12

I would like to crop the 3D graph below at the plane z=1. I have tried using limits((-1,-1,0),(1,1,1),Crop);, but this just removed my frame.

enter image description here

\documentclass{article}
\usepackage{asymptote}

\begin{document}

\begin{asy}[width=0.5\linewidth]
import graph3;
size(200,200,IgnoreAspect);

currentprojection=perspective(4,2,3);

real f(pair z) {return sqrt(4*(z.x)^2+(z.y)^2);}

draw(surface(f,(-1,-1),(1,1),nx=30,Spline),green+opacity(0.4),render(merge=true));

limits((-1,-1,0),(1,1,1),Crop);

xaxis3("$x$",Bounds,InTicks);
yaxis3("$y$",Bounds,InTicks(beginlabel=false));
zaxis3("$z$",Bounds,InTicks);
\end{asy}

\end{document}

Note: I'm sure I could the graph I want by scaling a cone, but I would like to be able to crop the graph of f(x,y) in other circumstances too. I am aware of this question How to cut a surface at the intersection with another surface in Asymptote?, but its answer is insufficient and I would guess that an easier way exists.

  • 2
    First comment: The limits command is apparently for two-dimensional graphs only. When you use it with triples rather than pairs, Asymptote throws an error and terminates early; this is why the axes get removed. – Charles Staats Jan 7 '14 at 3:35
10

As it turns out, there is a better way to do this, albeit a fairly memory-intensive one. First, save the following code in a file called crop3D.asy. This code was inspired by the example splitpatch.asy.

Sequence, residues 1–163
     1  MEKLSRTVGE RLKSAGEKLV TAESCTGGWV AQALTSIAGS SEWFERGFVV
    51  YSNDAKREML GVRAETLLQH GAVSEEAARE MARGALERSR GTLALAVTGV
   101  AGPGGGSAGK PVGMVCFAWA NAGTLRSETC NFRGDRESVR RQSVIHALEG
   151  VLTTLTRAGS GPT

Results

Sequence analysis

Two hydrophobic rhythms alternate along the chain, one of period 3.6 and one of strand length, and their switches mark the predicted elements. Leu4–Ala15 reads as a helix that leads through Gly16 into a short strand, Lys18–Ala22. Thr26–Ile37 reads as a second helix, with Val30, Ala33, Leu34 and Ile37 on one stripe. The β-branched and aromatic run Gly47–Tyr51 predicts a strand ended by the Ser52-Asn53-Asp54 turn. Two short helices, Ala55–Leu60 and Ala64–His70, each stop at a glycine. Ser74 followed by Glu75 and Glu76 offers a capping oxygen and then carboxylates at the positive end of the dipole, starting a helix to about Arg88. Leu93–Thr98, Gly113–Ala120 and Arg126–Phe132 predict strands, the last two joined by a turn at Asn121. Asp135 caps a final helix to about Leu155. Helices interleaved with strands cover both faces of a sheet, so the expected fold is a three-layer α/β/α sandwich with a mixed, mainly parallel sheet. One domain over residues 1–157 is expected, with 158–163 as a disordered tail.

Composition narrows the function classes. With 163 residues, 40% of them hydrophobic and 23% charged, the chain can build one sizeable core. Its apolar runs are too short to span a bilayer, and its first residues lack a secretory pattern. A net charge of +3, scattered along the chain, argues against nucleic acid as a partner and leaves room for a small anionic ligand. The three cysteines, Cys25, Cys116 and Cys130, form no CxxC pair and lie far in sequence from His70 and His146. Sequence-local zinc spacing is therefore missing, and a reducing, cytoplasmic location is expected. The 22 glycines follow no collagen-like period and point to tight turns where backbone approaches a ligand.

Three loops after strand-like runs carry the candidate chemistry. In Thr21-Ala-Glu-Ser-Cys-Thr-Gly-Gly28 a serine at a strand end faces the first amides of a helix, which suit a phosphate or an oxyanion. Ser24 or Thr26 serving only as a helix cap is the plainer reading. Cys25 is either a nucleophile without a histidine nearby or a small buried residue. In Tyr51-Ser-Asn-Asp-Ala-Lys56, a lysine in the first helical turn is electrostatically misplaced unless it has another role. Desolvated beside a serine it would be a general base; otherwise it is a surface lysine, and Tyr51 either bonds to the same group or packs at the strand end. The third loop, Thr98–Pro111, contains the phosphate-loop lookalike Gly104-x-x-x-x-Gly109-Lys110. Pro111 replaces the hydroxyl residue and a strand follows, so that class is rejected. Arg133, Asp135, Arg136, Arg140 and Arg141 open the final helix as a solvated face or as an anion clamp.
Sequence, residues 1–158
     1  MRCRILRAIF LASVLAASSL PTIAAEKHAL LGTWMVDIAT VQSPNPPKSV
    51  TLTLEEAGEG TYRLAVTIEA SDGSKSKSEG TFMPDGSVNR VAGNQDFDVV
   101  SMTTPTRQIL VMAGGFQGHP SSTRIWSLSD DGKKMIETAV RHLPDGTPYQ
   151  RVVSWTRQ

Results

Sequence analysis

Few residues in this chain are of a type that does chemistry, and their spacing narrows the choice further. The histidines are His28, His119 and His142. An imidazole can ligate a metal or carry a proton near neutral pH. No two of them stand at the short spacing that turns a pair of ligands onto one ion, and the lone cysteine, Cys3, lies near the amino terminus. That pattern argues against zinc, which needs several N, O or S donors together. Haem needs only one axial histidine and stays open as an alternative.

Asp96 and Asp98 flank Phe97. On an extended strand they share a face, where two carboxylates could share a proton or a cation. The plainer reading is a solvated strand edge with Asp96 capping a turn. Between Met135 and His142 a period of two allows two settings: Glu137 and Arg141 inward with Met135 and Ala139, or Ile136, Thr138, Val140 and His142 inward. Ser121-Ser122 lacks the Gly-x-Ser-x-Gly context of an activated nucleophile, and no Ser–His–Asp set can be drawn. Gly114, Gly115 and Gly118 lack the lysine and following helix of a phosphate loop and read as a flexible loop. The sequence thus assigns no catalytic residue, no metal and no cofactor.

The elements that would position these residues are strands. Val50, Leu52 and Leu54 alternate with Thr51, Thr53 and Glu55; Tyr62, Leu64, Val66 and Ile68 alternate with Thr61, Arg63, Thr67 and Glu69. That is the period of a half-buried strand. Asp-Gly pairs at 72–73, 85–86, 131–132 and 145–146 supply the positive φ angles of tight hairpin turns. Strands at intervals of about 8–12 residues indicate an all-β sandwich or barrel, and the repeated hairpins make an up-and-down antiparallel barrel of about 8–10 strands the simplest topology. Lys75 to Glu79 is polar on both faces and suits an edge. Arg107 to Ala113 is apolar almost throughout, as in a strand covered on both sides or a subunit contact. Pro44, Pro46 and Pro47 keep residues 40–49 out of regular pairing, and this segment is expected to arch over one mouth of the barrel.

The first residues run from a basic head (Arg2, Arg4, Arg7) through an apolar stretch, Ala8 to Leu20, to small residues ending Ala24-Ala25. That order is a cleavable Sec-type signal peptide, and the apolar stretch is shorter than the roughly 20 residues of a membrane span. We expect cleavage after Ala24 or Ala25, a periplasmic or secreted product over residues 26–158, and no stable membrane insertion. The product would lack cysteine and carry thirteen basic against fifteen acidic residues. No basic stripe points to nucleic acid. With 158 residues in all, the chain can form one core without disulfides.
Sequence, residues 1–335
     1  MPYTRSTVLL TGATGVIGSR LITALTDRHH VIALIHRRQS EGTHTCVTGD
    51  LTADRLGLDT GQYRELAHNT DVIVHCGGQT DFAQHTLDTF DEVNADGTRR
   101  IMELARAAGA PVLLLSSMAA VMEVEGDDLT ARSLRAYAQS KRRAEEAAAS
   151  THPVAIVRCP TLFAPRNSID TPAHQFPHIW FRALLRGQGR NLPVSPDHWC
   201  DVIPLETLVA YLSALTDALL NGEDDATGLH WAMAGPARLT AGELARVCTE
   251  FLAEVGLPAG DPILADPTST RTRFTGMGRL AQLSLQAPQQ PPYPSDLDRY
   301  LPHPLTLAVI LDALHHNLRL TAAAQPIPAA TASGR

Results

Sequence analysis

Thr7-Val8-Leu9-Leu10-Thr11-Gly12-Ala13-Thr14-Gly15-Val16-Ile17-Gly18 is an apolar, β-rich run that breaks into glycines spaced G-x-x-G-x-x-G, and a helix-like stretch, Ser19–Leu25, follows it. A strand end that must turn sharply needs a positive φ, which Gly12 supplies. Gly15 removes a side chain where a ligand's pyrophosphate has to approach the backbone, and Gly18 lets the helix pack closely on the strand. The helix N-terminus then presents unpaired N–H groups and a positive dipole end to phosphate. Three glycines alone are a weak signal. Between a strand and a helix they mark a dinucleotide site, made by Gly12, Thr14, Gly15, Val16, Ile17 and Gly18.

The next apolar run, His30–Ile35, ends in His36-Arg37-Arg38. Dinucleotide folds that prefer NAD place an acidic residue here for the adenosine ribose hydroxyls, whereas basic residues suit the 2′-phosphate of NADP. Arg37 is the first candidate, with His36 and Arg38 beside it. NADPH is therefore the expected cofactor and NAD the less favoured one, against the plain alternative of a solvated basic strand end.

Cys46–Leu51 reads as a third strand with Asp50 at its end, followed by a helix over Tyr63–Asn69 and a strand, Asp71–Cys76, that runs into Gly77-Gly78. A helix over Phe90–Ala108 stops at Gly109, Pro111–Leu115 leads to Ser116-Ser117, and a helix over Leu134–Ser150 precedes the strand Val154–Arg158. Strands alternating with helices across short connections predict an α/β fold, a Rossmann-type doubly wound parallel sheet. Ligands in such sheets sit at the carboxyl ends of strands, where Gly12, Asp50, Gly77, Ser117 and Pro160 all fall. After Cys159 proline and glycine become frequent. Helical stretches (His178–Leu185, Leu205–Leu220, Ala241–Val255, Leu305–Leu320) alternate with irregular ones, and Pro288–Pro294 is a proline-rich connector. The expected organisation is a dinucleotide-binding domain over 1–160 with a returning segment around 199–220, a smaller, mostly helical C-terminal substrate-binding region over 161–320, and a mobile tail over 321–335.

import three;

/**********************************************/
/* Code for splitting surfaces: */

struct possibleInt {
  int value;
  bool holds;
}

int operator cast(possibleInt i) { return i.value; }

surface[] divide(surface s, int region(triple), int numregions,
         bool keepregion(int) = null) {

  int defaultdepth = 17;

  if (keepregion == null) keepregion = new bool(int region) {
      return (0 <= region && region < numregions);
    };

  surface[] toreturn = new surface[numregions];
  for (int i = 0; i < numregions; ++i)
    toreturn[i] = new surface;

  possibleInt region(patch P) {
    triple[][] controlpoints = P.P;
    possibleInt theRegion;
    theRegion.value = region(controlpoints[0][0]);
    theRegion.holds = true;
    for (triple[] ta : controlpoints) {
      for (triple t : ta) {
    if (region(t) != theRegion.value) {
      theRegion.holds = false;
      break;
    }
      }
      if (!theRegion.holds) break;
    }
    return theRegion;
  }

  void addPatch(patch P, int region) {
    if (keepregion(region)) toreturn[region].push(P);
  }

  void divide(patch P, int depth) {
    if (depth == 0) {
      addPatch(P, region(P.point(1/2,1/2)));
      return;
    }

    possibleInt region = region(P);
    if (region.holds) {
      addPatch(P, region);
      return;
    }

    // Choose the splitting function based on the parity of the recursion depth.
    triple[][][] Split(triple[][] P) {
      if (depth % 2 == 0) return hsplit(P);
      else return vsplit(P);
    }

    patch[] Split(patch P) {
      triple[][][] patches = Split(P.P);
      return sequence(new patch(int i) {return patch(patches[i]);}, patches.length);
    }

    patch[] patches = Split(P);
    for (patch PP : patches)
      divide(PP, depth-1);
  }

  for (patch P : s.s)
    divide(P, defaultdepth);

  return toreturn;
}

/**************************************************/
/* Code for cropping surfaces */

// Return 0 iff the point lies in box(a,b).